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  1. Member
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    Hi, I'm looking for a linux (fedora or ubuntu) software able to produce a before/after effects in order to compare a video and its encoding equivalent. Are you aware of some valuable solution ?
    Thanks
    george
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  2. Originally Posted by georgeNgolo View Post
    Hi, I'm looking for a linux (fedora or ubuntu) software able to produce a before/after effects in order to compare a video and its encoding equivalent. Are you aware of some valuable solution ?
    Thanks
    george

    Have a look at popular linux video editors eg. kdenlive, openshot, lightworks, even blender

    Be careful about "producing" a video if your goal is comparison, because using lossy compression will impair the comparison, introducing another generation of artifacts
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  3. Member racer-x's Avatar
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    If you feel adventurous, you can install Wine and use some "Windows" tools also. I'm running Aviutl, Virtualdub and Avisynth (among others) just fine in Linux under Wine.
    Got my retirement plans all set. Looks like I only have to work another 5 years after I die........
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  4. I'm a Super Moderator johns0's Avatar
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    Thread moved to the linux forum where you can get more help.
    I think,therefore i am a hamster.
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    Thank you so much for your answers. Those software are awesome.
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    Originally Posted by poisondeathray View Post

    Be careful about "producing" a video if your goal is comparison, because using lossy compression will impair the comparison, introducing another generation of artifacts
    What do you mean by "another generation of artifacts" ? and how to detect it ?
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  7. Originally Posted by georgeNgolo View Post
    Originally Posted by poisondeathray View Post

    Be careful about "producing" a video if your goal is comparison, because using lossy compression will impair the comparison, introducing another generation of artifacts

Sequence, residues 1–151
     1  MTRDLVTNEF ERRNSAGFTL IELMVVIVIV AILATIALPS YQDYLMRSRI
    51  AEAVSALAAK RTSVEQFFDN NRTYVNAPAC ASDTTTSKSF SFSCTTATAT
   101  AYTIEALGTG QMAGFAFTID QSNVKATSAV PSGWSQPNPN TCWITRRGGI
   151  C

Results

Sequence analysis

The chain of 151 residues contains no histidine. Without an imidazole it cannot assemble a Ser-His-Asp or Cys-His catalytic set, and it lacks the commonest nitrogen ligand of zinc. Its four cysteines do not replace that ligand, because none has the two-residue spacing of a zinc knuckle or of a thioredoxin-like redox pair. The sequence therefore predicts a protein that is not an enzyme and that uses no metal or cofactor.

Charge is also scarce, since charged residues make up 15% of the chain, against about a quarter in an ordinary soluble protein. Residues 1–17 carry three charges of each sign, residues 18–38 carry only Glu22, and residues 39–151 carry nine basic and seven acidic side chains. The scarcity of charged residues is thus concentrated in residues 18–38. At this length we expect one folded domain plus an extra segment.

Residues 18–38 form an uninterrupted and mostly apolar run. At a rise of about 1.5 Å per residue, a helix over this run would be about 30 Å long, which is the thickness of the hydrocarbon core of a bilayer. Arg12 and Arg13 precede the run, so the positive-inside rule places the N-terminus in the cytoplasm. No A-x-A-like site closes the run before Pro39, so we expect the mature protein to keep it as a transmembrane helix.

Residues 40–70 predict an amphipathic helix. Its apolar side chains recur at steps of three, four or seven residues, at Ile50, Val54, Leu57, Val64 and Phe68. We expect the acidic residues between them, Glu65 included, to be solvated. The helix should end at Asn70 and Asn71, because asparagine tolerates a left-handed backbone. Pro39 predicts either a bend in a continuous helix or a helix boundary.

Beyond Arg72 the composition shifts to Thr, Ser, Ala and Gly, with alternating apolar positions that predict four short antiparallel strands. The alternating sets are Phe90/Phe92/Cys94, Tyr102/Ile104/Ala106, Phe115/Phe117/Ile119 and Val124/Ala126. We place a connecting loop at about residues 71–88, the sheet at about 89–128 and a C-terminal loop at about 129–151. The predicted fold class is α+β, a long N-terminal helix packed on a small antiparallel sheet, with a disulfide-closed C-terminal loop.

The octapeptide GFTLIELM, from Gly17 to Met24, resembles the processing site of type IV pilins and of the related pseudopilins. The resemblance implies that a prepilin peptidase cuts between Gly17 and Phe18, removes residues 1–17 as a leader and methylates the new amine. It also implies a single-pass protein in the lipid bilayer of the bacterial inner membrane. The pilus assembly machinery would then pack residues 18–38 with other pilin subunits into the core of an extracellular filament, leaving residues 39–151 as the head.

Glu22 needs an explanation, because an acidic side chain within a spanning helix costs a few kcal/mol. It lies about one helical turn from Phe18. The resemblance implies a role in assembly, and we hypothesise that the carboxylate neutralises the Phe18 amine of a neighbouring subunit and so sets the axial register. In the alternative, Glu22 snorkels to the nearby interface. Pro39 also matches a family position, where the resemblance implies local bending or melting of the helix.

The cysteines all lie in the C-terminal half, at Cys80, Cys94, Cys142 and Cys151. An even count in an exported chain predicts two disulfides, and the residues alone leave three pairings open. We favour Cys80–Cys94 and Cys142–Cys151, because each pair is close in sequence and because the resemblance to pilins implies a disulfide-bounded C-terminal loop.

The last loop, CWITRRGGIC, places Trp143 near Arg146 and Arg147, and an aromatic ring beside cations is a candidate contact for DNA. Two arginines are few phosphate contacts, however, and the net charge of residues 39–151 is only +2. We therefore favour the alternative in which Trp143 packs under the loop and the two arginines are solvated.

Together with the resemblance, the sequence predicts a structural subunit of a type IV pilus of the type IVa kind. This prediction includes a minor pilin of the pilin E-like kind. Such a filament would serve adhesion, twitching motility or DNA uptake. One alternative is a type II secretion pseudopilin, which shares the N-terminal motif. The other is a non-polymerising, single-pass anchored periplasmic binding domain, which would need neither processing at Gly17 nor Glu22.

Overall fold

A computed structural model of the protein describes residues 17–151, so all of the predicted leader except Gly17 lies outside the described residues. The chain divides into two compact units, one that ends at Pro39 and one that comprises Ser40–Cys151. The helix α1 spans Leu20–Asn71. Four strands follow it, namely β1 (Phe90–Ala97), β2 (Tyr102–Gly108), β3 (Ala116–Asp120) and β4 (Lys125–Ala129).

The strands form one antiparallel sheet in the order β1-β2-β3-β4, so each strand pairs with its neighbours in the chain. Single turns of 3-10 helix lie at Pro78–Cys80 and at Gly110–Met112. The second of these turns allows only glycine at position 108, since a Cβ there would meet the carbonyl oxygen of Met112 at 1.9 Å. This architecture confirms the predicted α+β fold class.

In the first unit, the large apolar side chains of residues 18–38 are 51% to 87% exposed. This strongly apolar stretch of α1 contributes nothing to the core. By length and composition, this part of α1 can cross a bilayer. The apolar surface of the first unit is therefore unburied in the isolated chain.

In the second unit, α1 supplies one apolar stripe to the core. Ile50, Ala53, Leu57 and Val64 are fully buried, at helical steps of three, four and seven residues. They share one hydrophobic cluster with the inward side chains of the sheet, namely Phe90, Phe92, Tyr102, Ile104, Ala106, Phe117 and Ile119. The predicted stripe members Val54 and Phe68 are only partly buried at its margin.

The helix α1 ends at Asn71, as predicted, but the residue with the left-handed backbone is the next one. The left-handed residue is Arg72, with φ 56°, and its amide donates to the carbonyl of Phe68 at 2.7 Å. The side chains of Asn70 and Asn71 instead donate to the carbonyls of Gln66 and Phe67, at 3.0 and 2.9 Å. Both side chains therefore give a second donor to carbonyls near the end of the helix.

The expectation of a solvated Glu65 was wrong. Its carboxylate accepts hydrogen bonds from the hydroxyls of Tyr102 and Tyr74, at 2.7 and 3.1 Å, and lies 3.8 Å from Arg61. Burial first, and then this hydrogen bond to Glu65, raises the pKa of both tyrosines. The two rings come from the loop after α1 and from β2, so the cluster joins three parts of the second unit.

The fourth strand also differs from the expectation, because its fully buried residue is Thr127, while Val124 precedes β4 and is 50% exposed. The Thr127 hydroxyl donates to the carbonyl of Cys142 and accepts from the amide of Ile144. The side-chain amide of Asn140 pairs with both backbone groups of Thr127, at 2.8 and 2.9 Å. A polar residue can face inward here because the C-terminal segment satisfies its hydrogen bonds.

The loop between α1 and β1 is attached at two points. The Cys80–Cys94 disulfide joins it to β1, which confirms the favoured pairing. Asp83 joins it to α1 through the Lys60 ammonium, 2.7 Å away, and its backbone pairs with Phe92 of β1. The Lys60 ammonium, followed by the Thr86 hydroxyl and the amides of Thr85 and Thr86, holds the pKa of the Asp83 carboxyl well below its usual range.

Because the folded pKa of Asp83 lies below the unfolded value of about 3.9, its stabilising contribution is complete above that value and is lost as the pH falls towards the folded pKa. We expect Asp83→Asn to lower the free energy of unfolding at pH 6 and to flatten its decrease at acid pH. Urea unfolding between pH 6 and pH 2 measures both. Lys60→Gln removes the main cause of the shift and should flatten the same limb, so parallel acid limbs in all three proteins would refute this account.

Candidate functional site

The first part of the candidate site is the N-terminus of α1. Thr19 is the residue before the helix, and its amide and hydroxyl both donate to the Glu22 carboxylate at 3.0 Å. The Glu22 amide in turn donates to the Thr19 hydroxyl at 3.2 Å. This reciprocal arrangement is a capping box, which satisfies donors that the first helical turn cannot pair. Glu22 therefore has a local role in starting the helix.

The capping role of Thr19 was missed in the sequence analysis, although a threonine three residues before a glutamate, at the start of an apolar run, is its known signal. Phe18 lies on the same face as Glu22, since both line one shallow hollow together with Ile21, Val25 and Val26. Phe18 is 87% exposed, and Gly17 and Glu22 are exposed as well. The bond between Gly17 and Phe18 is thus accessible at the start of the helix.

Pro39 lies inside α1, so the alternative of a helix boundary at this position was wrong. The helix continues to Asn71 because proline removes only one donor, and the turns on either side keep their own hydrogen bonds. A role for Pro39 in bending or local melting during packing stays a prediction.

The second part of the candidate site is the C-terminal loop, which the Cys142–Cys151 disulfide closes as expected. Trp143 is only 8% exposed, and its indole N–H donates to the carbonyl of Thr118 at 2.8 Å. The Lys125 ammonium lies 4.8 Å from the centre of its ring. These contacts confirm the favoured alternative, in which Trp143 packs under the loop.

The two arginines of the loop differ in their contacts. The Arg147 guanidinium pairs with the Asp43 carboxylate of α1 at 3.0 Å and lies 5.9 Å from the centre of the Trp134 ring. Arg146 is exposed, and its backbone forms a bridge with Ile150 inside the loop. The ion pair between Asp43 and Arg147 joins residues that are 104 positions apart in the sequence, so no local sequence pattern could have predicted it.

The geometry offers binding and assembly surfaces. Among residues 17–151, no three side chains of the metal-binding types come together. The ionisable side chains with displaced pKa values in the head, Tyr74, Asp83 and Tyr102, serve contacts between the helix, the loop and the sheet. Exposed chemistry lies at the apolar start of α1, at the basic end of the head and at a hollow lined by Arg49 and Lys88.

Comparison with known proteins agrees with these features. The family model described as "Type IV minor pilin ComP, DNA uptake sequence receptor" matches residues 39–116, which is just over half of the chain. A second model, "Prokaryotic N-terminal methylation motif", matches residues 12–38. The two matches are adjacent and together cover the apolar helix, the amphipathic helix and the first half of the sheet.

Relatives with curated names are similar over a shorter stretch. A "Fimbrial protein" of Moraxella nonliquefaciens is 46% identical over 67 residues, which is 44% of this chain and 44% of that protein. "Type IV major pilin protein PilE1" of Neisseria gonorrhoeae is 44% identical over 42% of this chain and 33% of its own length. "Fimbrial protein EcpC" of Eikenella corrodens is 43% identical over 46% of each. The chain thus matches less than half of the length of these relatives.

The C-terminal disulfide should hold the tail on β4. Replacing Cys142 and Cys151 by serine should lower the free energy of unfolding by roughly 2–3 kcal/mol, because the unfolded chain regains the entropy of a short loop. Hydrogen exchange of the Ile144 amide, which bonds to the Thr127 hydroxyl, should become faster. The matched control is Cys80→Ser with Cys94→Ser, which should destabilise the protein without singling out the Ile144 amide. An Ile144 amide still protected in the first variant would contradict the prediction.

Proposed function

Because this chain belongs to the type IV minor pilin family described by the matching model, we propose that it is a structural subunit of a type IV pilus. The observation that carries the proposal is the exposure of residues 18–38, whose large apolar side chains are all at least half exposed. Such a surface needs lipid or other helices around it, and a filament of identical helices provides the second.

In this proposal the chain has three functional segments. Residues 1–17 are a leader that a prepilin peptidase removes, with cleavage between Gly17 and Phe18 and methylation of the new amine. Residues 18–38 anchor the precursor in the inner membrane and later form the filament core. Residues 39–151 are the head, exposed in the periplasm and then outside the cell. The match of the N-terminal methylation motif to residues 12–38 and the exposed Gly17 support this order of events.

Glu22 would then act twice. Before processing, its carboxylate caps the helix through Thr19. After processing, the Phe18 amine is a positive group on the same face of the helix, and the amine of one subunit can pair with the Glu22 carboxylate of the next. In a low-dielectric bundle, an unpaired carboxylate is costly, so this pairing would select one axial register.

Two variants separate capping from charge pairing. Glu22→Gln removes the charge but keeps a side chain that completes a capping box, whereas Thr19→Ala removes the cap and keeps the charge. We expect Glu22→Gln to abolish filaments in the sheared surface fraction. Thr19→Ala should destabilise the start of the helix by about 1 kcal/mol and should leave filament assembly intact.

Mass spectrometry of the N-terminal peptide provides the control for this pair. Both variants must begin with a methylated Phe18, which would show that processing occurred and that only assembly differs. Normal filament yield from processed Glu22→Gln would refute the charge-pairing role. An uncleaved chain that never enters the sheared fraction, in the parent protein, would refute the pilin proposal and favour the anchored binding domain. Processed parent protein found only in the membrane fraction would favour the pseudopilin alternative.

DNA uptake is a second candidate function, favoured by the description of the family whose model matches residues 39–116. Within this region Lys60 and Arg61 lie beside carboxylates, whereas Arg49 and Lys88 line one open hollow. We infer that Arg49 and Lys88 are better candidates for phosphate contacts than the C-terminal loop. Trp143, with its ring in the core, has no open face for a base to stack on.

What do you mean by "another generation of artifacts" ? and how to detect it ?


    Lossy compression means bits of data are thrown out. Each time you do it - it gets worse

    An analogy - If you're familiar with audio, MP3 is a lossy format. If you re-encode a MP3 over and over, after a few times it sounds like garbage. You can minimize the quality loss by using higher bitrates, but you still lose quality each time

    Lossless video compression means decoded image is mathematically equivalent . Each time you decompress, recompress, no quality is lost. An analogy in audio would be lossless "flac" compression
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    Ok i see, thank you very much !
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  9. Have a look at popular linux video editors eg. kdenlive, openshot, lightworks, even blender
    Last edited by acheter; 28th Nov 2016 at 10:14.
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    I dunno, but the 1st post says "compare a video and its encoding equivalent". This sounds like a video quality analyser to me. There are some for Linux AFAIK but I don't actually think any of them actually work very well. Certainly not as well as your eyes. See this:

    http://askubuntu.com/questions/232677/are-there-tools-to-measure-video-quality
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    It was more for detecting a color shift than for real quality check. But you are right, quality metrics, and specially SSIM are quite relevant. Even if I didn't test it already, I have heard that Netflix created a new one recently : VMAF which seems quite awesome.
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  12. Originally Posted by georgeNgolo View Post
    It was more for detecting a color shift than for real quality check.
    For a color shift, the traditional tool to use is a vectorscope . You just switch back and forth and it's easy to detect a shift and in what direction

    eg. in kdenlive
    https://kdenlive.org/users/granjow/introducing-color-scopes-vectorscope
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    Thanks !
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